Okay, just follow me through the pretty circuitous argument I am about to make. I am sure your patience will be rewarded. So look at it this way. The picture you probably have of your parents is a slightly amorphous collection of lots of stories told by your relatives, your parent’s friends, and your parents themselves. You have what I would say is a filtered perception of how your parents were at your age. Filtered as in controlled. Like you hear the good stuff your parents did, or how they achieved this or how cool some prank they played on someone was.
But now, times have changed. There’s Facebook, Twitter, Blogs, drunken voice mails and a whole lot of other social media which keep an accurate account of your doings at our young impressionable ages. That drunken tweet you posted? Still there. That crappy whatsapp pic of you in the bathroom? Posted on several groups.That embarrassing photo on Facebook? Still there and getting likes. That YouTube video of you flashing your assets at a concert and which you’re secretly proud off? 1000,567 views and counting. My point being, when you go on to work and get jobs and ‘become an adult’ (I certainly don’t intend to) then all this stuff will come back. Because as they say, ‘The past never passes, it’s just a black vortex of embarrassment and pain’. Okay, they don’t say that. But you get the point.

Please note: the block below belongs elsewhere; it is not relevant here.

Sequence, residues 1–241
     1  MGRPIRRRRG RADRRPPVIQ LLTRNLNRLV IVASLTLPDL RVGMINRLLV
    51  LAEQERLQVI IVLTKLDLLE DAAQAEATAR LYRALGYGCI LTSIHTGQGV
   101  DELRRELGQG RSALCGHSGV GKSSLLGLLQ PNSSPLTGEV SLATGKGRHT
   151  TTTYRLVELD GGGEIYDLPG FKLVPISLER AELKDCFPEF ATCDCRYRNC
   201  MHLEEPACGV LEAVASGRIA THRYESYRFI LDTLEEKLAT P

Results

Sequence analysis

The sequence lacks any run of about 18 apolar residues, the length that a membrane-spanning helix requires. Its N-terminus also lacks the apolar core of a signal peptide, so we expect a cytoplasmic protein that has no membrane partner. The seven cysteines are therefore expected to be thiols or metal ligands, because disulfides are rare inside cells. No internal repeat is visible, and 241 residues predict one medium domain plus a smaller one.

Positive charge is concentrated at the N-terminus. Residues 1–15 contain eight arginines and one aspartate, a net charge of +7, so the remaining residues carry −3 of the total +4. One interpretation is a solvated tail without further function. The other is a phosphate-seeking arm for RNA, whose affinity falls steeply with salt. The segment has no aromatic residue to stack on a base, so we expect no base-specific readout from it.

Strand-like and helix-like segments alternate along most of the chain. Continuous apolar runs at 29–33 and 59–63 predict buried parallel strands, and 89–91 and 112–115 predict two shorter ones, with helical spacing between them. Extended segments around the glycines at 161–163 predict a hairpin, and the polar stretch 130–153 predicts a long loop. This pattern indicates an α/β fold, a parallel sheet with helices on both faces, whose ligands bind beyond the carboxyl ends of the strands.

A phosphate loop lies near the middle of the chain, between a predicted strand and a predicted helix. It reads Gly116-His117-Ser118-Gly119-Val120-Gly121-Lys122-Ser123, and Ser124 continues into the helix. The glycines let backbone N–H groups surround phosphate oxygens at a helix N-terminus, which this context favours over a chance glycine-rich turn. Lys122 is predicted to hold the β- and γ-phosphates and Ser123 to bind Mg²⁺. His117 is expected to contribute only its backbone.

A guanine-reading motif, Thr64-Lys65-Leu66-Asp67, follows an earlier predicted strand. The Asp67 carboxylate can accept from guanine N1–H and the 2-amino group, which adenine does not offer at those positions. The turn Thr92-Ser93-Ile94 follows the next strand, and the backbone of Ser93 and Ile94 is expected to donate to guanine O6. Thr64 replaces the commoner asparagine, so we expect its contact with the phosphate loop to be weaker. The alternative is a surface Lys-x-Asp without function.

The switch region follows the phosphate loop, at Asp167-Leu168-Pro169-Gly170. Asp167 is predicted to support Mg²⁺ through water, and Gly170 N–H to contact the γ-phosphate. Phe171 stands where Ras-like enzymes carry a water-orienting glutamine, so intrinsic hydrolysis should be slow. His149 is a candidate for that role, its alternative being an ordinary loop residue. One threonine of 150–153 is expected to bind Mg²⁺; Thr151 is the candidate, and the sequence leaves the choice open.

My conclusion? Don’t do irresponsible shit and post it on Facebook. Comment with caution. So that around 20 years later, when your 10 year old kid comes up to you and asks ‘Hey, dad, is this you passed out on the floor in this pic here?’ or ‘Mom, why are you tagged in this photo titled, ‘Sluts rule the world’? You have to be answerable to that. Cause where as you can flatly deny a story, you can’t deny a digital pic. And to complete this I shall leave you with some traditional inspirational lines. Carpe diam! Don’t do drugs.